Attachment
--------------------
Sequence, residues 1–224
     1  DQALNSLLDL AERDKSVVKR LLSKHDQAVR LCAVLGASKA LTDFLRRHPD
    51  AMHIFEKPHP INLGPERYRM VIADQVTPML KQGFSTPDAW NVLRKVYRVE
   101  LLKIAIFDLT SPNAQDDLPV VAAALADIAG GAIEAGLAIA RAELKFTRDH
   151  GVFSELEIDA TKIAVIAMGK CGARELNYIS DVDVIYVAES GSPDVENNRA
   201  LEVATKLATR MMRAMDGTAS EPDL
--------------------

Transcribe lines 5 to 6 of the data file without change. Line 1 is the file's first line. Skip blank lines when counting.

   151  GVFSELEIDA TKIAVIAMGK CGARELNYIS DVDVIYVAES GSPDVENNRA
   201  LEVATKLATR MMRAMDGTAS EPDL